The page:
“Untouchable “

“…and had been caught by the glamour of the ‘white man’s life’,” (3).

I picked out this specific line in the beginning of the book because it shows immedtialy that there will be racial tensions within the novel

Narration Post

In Hurston’s novel, the narration acts as a summary for the dialogue. For example, if Janie says something in their dialect which could be hard for the reader to understand, the narrator would kind of sum up what Janie had said a couple lines or paragraphs later. In the beginning of chapter 2 when Janie realizes she is black, on page 10 the narrator says, “So she went on thinking back to her young years and explaining them to her friend in soft, easy phrases while all around the house, the night time put on flesh and blackness.”

“Their Eyes Were Watching God”

“‘Aw, aw! Ah’m colored!'” (Hurston 9)

This line, and the most beginning of chapter 2 is so interesting because it shows that Janie does not really know who she is since she was around white kids so much. She did not realize that she was any different until she finally saw herself in a picture. I thought this was sad because she thought she was like every else until it was pointed out that she was different, just because of her skin color.

“Cane”

“And her slim body, white as the ash as black flesh after flame,” (Toomer 38).

Although very ambiguous, I found this line interesting. When Esther is first introduced, it is made very clear that she is white. But the last part of this quote is the most interesting about the ash after the flame. Immediately I thought of a fireplace and what everything looks like the morning after burning wood. It does have a white look to it, but never a pale white, always a gray-ish, so I am wondering if maybe this has to do with being in the middle of black and white, referring to skin tone, and something deeper than just what something looks like after a flame.

“The Maltese Falcon”

I found it strange that the term satan kept coming up in descriptions for Samuel. When it happened on the first page, I thought it was just a simile, a weird one, but nothing more than that. And then it was used again a couple pages later, and I can’t help but think if maybe it is foreshadowing for something bigger.

“As I Lay Dying”

In these last 100 pages or so, I noticed a lot more italics than there were previously. For example, from pages 180-181 in Darl’s section, there is at least one sentence per paragraph in italics. And then on page 196, there is almost an entire paragraph in italics about how Vardaman’s mother is a fish. I found this interesting because it changes the style of the writing and the narration.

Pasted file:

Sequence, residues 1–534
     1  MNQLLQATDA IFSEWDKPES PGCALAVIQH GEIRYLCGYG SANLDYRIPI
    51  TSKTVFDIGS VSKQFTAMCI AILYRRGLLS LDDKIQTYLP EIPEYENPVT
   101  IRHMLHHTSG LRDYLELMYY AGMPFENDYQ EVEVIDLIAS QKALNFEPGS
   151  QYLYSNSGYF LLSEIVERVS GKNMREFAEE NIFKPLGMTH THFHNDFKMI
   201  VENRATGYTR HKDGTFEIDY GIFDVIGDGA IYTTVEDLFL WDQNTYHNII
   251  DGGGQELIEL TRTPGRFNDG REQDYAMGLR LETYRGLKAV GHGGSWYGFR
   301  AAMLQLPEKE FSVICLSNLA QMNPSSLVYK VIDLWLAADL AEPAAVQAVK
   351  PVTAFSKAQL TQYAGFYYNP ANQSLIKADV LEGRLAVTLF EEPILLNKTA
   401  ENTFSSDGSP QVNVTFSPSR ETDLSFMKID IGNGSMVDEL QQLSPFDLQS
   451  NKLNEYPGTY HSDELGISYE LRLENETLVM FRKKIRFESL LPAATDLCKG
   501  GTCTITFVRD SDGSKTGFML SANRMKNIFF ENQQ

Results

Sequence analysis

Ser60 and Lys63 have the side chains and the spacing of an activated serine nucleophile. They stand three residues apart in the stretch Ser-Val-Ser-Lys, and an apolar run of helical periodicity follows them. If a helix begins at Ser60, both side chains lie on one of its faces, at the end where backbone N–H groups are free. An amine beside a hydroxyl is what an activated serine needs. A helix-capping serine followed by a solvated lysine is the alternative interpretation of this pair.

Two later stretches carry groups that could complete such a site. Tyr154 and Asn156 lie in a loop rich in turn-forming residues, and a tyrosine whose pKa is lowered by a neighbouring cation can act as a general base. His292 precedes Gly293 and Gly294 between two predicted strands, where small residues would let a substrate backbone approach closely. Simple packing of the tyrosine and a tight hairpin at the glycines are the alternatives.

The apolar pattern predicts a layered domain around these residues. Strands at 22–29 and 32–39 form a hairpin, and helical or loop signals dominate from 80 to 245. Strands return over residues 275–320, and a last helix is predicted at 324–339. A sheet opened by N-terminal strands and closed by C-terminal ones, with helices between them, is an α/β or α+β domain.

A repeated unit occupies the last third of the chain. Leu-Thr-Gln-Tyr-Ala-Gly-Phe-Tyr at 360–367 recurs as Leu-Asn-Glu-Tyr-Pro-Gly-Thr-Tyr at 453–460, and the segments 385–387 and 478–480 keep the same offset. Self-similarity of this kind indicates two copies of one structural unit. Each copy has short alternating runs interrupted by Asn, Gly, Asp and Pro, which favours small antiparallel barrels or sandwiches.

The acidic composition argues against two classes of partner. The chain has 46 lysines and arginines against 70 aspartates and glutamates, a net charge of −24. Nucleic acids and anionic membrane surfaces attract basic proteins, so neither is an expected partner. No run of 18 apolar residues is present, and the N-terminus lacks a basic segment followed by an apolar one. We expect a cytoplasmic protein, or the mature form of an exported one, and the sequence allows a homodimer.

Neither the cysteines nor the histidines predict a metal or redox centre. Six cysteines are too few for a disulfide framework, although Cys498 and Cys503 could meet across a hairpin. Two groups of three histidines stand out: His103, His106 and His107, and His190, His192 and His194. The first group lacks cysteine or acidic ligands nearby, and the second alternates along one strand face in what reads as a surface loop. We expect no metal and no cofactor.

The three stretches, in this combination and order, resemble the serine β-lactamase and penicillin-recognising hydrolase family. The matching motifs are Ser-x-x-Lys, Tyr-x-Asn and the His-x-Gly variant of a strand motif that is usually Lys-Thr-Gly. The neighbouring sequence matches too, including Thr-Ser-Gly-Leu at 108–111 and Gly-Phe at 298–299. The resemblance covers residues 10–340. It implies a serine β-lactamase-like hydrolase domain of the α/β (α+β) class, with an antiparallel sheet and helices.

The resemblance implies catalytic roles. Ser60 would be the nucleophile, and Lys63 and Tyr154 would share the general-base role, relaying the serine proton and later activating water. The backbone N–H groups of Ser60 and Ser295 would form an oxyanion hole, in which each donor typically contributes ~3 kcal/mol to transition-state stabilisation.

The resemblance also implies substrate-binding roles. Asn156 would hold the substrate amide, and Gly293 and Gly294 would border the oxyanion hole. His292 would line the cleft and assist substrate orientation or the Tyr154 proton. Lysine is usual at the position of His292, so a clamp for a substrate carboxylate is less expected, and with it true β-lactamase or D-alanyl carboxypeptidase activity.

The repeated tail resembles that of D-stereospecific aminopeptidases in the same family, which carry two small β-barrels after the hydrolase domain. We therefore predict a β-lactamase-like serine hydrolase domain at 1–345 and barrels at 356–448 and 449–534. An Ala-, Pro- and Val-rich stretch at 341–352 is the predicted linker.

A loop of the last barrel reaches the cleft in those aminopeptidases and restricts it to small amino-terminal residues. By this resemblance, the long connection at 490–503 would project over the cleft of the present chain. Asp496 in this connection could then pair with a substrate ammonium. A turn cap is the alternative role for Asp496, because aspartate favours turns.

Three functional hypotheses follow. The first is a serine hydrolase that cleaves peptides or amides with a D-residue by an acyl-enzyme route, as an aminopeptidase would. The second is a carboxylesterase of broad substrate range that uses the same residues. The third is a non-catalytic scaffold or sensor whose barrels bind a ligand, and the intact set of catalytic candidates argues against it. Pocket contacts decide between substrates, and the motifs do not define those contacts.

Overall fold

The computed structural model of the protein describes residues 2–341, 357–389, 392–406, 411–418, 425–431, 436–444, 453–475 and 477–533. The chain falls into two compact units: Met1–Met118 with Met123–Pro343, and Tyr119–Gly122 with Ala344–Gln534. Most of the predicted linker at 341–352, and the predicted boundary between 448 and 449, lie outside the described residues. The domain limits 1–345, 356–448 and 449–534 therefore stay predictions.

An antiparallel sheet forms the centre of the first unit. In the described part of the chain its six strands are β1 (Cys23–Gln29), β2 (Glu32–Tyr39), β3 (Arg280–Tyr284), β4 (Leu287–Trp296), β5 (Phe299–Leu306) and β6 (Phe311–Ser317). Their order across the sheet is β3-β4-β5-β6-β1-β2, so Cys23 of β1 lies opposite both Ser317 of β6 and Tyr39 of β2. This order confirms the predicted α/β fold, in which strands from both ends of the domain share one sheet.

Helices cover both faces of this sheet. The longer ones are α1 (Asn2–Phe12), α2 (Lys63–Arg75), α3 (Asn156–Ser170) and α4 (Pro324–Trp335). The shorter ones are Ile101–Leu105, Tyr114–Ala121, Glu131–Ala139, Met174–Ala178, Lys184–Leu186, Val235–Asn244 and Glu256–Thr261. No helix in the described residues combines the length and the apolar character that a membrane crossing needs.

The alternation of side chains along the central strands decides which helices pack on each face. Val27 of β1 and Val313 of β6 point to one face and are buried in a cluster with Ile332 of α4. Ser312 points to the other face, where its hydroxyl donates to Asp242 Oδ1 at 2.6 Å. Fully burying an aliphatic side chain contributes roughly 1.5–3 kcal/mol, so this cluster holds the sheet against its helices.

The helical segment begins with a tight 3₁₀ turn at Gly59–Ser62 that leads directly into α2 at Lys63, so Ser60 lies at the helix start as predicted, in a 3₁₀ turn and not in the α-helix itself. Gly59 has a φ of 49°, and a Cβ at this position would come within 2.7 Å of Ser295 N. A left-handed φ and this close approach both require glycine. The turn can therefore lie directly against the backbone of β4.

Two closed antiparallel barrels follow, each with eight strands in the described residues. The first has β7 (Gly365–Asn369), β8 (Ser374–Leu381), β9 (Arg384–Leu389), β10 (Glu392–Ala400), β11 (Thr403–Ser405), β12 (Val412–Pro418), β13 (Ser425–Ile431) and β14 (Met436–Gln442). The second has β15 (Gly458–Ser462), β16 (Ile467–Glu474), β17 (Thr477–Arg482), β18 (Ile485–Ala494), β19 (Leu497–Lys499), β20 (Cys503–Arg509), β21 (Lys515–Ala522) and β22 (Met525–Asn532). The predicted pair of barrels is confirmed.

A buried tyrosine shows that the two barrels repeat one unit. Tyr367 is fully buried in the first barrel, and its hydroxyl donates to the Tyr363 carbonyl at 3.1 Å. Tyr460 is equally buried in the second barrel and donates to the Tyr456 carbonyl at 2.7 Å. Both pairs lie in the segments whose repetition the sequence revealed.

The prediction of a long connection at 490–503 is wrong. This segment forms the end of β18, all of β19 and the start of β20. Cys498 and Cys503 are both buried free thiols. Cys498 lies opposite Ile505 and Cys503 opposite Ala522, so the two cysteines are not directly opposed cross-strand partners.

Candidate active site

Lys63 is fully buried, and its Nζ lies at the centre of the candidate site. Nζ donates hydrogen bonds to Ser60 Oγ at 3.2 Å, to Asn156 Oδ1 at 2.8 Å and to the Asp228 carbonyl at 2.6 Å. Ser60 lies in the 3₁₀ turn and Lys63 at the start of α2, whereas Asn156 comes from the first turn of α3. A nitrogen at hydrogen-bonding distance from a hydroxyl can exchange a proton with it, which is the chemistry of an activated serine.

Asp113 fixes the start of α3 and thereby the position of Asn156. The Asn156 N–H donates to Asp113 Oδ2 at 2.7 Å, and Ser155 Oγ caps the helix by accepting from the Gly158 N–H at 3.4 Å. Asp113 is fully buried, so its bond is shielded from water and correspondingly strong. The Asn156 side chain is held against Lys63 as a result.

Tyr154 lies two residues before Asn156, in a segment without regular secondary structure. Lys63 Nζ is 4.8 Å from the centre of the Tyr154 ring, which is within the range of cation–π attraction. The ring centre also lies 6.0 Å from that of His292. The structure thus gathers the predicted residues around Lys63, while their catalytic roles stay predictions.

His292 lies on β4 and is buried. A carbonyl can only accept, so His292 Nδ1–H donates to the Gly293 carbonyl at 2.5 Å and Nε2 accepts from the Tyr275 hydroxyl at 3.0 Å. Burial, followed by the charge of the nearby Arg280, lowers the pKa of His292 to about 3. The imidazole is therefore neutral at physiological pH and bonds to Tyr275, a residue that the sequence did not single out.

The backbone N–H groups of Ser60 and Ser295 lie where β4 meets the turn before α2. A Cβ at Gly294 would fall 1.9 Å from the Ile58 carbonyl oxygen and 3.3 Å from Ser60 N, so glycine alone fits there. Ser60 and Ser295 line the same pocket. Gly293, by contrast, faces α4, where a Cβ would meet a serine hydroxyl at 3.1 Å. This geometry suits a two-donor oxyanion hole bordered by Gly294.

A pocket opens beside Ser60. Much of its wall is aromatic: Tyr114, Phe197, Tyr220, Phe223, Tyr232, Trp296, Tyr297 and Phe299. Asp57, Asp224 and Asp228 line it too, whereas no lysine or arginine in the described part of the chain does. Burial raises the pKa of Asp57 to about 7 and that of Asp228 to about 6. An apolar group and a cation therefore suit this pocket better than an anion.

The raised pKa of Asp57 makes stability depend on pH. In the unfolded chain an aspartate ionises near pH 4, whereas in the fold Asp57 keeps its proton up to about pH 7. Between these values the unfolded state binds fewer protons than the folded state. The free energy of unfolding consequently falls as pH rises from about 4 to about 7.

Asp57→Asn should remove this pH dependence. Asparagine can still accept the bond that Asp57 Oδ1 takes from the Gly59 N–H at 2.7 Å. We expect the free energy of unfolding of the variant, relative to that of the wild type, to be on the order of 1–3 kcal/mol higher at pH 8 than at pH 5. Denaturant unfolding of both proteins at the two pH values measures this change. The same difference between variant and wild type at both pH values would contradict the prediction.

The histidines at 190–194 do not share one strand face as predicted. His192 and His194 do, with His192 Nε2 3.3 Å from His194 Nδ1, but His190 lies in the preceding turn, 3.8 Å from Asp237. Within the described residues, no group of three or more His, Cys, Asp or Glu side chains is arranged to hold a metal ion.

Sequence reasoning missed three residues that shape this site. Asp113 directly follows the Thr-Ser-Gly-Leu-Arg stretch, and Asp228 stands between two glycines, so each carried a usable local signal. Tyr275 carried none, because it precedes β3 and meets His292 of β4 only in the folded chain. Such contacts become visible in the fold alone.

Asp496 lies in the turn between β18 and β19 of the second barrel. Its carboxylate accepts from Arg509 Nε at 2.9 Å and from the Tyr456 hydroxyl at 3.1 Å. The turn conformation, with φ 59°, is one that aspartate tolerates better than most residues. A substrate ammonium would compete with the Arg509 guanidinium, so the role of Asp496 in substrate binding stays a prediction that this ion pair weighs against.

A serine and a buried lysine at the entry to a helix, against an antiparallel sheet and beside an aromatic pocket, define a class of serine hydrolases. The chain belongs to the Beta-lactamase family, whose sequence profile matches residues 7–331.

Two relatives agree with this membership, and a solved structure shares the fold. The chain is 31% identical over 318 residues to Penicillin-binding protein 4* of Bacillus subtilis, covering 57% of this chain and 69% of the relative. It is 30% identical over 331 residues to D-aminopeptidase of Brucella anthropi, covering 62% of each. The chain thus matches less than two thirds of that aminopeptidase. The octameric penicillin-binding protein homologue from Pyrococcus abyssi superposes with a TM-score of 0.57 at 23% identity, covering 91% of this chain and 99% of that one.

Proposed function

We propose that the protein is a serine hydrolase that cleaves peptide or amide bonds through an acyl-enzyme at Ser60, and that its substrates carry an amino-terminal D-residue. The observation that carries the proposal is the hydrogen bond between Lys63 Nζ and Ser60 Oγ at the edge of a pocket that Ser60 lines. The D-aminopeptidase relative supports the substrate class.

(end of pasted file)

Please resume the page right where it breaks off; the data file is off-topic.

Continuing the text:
“As I Lay Dying”

“It was the sweetest thing I ever saw,” (Faulkner 21).

I found this line interesting because the narrator just jumps in (media res). Without reading further, it leaves the reader open to many questions, such as what is this sweet thing? Is it a gesture? I have noticed that almost all chapters open in media res, which I find cool, but can also be confusing.

“A Portrait of the Artist as a Young Man”

“He had no temptations to sin mortally,” (Joyce 127).

I found this particular line interesting because throughout the whole book the idea of sin is very apparent. But by saying the word “mortally” I think it has a different affect. Why is that word added? If you are sinning, obviously it is morally because only humans can sin.

A Portrait of the Artist as a Young Man

“They all laughed again. Stephen tried to laugh with them. He felt his whole body hot and confused in a moment,” (Joyce 11).

This one quote has to do with Stephen’s answer to a question on whether or not he kisses his mother before bed every night. These couple sentences show Stephen’s insecurity, and this was interesting to me because he is so concerned with what these other boys are thinking, and whether or not the answer to their question was right or not. Furthermore, in a couple pages later, there is also the quote:

“His mother kissed him. Was that right?” (Joyce 16).

Through his insecurity, these boys basically made him rethink everything he knows. Even though he does not know exactly what the boys thought might have been the right answer, just the fact that they laughed, made him question himself, thus making him question whether or not it is okay for him to kiss his mother, and vice versa.

“The Middle Years”

“To these things the young man with the book was still more clearly indifferent; lingering, credulous, absorbed, he was an object of envy to an observer from whose connection with literature all such artlessness had faded,” (James 610).

I found this specific passage interesting because of the way the speaker is portraying him as a reader. The line that really struck me was “he was an object of envy.” Reading this line, in my head I pictured a man completely devoted and enveloped in his book, so much that the outside world is totally irrelevant. From then, you can see other people observing this man, probably wondering why he is so focused on this imaginary world. It really shows the speaker’s appreciation for literature and how important it can be to someone.